Two weeks ago - an awful week which terminated with the shooting of five law enforcement officers in Dallas - my friend Jason wrote a long, heartfelt post on facebook which concluded with the call for a love rebellion. A revised version of that post is HERE, printed on this blog with his permission.
Jason makes a point that I happen to agree with - change begins at the roots. There is a reason why the term grassroots came into popular use. Those of you who garden know that no matter how healthy a plant is, if its needs are not met at the root level it will not flourish, it will eventually wither and die.
We are faced with a lot of top end problem solving these days, as bursted-blooms on the national level declare that they can solve the problems that fuel our fears - they can lead us to prosperity. And all the leaves surrounding them rustle the echo of top-down solutions. We want to believe them, because living in our increasingly violent, hate-shame-blame filled world is getting unbearable. Somehow our society has turned into Strange Days and we want to shout "No, no, this is not what we wanted! That was supposed to be fiction. Can we get a retake, please!"
This descent is aided by the medias, which reflects the culture of our times as much as they shape it. The news media is generally ready to provide you with the dirt on whomever you don't agree with, so you can not agree with them even more. Social media creates the illusion of public forums for civil discourse that are false, that amplify discord and divisiveness, and propagate the spewing forth of opinions and ideas with a frightening anonymity which holds the individual minimally accountable for their role in the clamor. It is a culture of entitlement where my right to be right, overrides any obligation to be kind and good. The whole rambling mess becomes a committee-of-the-whole in which everyone talks, no one listens, and nothing is resolved except that everyone becomes more entrenched in their established positions.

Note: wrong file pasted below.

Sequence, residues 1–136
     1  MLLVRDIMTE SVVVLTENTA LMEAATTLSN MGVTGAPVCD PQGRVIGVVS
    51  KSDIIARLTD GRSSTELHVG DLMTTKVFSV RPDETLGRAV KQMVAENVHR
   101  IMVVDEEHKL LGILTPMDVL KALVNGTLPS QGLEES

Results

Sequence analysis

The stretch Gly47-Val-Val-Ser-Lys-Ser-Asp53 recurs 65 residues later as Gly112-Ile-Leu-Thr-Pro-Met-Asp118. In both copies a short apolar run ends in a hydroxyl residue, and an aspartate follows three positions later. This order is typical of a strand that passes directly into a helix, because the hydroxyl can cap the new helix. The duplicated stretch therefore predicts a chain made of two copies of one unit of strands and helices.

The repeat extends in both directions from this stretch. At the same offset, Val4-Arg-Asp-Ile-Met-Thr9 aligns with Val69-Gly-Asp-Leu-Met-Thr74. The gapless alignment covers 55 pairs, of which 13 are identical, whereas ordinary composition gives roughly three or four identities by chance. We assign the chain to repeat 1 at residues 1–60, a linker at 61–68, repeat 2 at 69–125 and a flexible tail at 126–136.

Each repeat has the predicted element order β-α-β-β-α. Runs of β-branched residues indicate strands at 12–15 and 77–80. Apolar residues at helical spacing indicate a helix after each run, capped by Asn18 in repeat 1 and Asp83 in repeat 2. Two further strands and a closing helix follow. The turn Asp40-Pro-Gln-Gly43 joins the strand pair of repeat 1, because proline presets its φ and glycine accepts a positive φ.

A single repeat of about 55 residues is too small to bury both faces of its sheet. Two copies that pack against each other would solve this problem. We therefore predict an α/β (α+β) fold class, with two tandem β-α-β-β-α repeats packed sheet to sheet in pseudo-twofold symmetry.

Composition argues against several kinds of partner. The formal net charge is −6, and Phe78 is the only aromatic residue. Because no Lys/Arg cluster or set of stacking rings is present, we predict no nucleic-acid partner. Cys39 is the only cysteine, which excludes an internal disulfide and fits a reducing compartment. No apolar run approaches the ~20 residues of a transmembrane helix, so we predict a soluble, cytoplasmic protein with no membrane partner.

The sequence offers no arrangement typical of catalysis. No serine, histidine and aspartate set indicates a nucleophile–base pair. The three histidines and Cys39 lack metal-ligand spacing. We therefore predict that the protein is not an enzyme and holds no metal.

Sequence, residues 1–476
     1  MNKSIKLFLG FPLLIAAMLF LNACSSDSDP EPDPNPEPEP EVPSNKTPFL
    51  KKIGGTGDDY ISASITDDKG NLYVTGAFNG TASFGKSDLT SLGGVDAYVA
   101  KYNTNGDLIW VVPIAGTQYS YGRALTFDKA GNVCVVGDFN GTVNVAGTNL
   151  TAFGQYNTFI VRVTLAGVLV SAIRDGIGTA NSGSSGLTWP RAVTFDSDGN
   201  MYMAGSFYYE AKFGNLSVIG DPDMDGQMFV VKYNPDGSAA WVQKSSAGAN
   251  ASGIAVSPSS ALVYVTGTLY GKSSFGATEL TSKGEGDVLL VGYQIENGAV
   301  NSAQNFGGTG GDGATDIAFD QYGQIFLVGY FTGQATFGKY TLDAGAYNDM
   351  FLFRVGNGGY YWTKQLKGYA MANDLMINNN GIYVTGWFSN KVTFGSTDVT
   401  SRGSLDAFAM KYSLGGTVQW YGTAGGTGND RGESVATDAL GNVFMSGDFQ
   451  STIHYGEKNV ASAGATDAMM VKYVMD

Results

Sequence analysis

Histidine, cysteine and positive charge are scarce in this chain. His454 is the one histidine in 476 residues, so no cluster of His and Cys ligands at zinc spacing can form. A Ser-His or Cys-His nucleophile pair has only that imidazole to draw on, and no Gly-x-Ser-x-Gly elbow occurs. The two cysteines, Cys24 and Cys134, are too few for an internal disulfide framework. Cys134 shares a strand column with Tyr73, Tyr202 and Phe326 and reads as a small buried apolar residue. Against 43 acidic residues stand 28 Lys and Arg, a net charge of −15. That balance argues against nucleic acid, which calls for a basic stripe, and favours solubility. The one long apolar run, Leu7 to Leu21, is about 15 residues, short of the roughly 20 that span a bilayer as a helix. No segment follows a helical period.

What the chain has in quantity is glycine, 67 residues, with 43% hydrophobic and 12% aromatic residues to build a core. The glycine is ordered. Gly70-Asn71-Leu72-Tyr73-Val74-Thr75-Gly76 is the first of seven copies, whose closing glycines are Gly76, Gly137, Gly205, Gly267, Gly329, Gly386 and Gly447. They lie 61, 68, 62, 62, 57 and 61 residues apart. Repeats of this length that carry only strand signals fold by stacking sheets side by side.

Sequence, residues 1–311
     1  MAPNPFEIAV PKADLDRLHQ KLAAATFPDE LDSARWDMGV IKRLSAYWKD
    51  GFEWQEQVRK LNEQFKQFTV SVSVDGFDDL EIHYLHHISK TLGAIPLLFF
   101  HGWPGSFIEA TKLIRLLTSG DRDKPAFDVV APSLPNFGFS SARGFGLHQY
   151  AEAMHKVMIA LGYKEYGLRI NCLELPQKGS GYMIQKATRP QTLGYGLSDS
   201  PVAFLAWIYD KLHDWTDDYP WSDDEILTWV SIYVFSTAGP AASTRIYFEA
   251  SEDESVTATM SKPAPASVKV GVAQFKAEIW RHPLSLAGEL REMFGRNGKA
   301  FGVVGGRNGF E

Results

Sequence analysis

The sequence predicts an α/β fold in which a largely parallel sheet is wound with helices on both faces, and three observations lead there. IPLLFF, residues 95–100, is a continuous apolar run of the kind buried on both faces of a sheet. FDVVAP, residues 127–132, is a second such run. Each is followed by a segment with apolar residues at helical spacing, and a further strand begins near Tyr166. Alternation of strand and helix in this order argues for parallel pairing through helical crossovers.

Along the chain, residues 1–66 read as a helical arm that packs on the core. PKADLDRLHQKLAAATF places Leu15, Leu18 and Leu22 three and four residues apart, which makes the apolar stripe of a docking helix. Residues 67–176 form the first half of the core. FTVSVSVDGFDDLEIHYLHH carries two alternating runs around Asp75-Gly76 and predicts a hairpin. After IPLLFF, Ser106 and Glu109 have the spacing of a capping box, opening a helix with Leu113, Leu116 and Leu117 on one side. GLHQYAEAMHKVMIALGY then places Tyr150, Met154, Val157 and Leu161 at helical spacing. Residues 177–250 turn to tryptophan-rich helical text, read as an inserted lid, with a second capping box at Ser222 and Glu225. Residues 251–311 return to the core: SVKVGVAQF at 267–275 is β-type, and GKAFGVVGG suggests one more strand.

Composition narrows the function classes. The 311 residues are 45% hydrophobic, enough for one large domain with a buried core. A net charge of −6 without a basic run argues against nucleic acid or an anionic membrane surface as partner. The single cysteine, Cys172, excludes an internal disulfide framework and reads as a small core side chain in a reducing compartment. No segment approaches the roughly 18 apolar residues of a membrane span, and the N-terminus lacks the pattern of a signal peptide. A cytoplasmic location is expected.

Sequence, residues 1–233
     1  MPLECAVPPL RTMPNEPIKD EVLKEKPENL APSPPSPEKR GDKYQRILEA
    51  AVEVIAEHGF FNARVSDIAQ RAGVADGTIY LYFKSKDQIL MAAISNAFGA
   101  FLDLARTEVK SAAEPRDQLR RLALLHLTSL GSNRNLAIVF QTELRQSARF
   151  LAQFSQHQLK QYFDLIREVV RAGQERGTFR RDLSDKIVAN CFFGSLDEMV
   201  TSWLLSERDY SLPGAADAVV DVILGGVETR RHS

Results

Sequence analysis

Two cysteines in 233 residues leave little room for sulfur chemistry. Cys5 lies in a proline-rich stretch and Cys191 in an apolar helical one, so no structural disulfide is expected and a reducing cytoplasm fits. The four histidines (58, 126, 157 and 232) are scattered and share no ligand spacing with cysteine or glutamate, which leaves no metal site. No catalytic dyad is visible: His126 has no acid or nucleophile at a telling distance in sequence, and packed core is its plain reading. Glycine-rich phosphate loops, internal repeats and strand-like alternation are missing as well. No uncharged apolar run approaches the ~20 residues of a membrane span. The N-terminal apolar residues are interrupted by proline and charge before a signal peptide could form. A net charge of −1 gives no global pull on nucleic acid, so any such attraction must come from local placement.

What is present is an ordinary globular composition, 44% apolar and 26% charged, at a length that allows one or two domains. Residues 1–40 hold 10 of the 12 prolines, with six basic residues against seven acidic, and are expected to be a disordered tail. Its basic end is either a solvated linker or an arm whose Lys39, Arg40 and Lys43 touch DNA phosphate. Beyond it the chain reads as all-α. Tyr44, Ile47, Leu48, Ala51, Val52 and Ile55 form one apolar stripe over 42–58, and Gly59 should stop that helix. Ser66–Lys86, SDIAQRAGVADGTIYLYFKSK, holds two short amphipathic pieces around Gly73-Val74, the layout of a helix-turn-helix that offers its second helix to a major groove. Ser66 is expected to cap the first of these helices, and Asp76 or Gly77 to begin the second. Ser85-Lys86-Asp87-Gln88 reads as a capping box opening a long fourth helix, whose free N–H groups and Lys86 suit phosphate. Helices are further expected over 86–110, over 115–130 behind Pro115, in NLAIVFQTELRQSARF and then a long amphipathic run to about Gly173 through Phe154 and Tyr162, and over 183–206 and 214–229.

We have to start by treating the roots. People are angry because they are afraid, they feel threatened. In many cases there are legitimate causes for that. Fingers are pointed, labels are placed and replaced. The hopelessness and frustration can be overwhelming. I know that is how I feel very often.
What do we do? How do we change the web of dysfunction and anger into something positive? Every problem we face, every change we are screaming to make, has to start at the roots. Work locally for the change you want, and more than that - work personally to change the patina of society. Jason presented a challenge in his facebook post: start a love rebellion. I accept his challenge.
Now I am pretty low on the "means" scale. I've never made more than $40,000 a year in my life, and I currently make less than 30% of that. I am not idle. I work hard. I have always worked hard. As a casualty of the recession, I can tell you that hard work will not set you free, and the American dream still being chanted in our political forums is a broken and unrealistic one. Not everyone can be on top.